What has the government done? So far it has done almost nothing about the drought. It essentially insulted farmers by offering $2 million, and then subsequently raising it to $14 million. The Prime Minister, Mr Keating, has this week been dragged screaming into the rural areas to see the magnitude of the disaster. Hopefully he has now realised that something concrete not only needs to be done but also has to be done to save the backbone of this country.

  His ministers do not seem to agree. As recently as 1 September, the Minister for Social Security, Mr Baldwin, was saying that the most important thing to do was to let the farmers know what was available under social security benefits, that a publicity campaign would be launched and that the Minister for Primary Industries and Energy, Senator Collins, would address this in November. This was at the beginning of September. Fortunately, it seems that Senator Collins is a little more aware than Mr Baldwin. Apparently he will take some measures to cabinet to resolve some of these issues. But the mere fact that only two or three weeks ago the main aims of the government were to put forward a publicity campaign and to see what things were like in November indicates its complete ignorance and lack of understanding of one of the great natural disasters we are facing.

  There are some lessons to be learnt. In 1983 Peter Nixon, who was the primary industry minister under Fraser, announced spending of $356 million. Probably in today's money it is something like double that amount. Compare that with what has been offered by the government so far—$2 million and $14 million. It is insulting to think of those sorts of amounts.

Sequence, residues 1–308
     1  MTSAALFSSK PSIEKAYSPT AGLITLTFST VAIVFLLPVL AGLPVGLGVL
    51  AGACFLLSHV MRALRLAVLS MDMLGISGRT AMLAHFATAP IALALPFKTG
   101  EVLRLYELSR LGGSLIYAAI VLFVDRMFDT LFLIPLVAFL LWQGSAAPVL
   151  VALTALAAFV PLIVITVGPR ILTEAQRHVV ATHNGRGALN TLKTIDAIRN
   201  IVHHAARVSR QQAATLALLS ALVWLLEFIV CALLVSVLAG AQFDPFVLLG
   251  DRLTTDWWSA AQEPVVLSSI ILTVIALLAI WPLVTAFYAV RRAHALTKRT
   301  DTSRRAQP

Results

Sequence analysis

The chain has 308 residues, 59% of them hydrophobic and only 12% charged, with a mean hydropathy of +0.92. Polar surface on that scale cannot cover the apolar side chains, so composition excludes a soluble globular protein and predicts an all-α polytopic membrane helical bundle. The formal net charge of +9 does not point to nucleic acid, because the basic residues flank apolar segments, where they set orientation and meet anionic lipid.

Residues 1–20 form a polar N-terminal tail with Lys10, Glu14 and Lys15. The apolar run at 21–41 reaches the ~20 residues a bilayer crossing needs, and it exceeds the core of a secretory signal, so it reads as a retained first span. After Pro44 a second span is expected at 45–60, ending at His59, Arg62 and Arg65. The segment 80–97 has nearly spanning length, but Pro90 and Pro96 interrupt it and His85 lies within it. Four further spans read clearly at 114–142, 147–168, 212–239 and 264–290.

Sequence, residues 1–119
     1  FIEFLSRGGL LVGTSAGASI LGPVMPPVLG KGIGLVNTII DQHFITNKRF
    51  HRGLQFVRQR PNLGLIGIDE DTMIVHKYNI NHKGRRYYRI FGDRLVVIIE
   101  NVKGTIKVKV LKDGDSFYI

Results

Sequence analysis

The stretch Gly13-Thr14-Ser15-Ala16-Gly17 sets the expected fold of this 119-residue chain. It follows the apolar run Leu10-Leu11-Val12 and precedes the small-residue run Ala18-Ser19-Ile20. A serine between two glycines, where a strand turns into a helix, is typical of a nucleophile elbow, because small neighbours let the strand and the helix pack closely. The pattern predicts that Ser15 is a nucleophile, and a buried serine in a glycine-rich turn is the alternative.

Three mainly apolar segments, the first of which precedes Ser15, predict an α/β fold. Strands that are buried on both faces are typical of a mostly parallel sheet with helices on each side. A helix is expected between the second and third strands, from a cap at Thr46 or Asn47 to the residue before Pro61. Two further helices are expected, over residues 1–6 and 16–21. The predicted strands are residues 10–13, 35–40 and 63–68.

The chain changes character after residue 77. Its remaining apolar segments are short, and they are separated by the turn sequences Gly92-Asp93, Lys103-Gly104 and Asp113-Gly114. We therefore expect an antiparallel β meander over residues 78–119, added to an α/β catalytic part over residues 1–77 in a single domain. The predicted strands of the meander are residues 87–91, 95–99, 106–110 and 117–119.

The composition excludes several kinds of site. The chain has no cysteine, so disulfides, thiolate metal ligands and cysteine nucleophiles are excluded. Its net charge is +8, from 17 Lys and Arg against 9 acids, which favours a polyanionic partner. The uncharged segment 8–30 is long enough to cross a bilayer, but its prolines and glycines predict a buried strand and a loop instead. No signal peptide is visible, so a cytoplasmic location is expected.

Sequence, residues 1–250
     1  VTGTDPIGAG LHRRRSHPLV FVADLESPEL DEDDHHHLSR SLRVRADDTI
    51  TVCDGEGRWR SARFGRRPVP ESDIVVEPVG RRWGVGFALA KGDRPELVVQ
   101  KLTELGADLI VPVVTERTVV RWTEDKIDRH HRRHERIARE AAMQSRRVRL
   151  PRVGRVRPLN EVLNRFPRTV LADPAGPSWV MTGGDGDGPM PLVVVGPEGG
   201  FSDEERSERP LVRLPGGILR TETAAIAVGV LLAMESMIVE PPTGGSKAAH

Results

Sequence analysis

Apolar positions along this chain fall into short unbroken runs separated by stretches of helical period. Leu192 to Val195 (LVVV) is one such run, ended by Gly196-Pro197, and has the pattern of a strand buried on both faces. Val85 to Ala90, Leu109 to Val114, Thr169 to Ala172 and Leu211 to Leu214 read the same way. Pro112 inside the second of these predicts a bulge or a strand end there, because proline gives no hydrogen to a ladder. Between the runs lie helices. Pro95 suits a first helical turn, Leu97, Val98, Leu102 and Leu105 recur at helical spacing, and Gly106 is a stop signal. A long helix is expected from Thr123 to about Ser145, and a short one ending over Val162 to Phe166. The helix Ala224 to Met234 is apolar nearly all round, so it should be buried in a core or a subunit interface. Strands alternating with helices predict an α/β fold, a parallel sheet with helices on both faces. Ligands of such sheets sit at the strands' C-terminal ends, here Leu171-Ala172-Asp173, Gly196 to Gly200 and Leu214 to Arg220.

What Peter Nixon wanted to do and in fact implemented was to pay 75 per cent of the transport costs of fodder, a supplement for water cartage costs, a subsidy to ensure that appropriate bores were drilled in various areas and carry-on loans capped at four per cent interest for small businesses as well as for farmers—the small businesses in the towns are just as badly affected in many areas as the farms which they supply—and it worked. It kept farmers on the land and, more importantly in many ways, it preserved the breeding herds. The government should clearly take a leaf out of the coalition book.

  A short time ago John Anderson, Deputy Leader of the National Party, released the new drought policy from the coalition. I have to say that I applaud it. Some of those elements from 1983 are included in it. The policy includes, for example, a fodder subsidy very similar to that introduced by Nixon in 1982-83. It includes support for a debt reconstruction for farmers. It includes a return of the drought condition to the natural disaster relief arrangements. How on earth that was ever taken out is beyond anybody with any nous.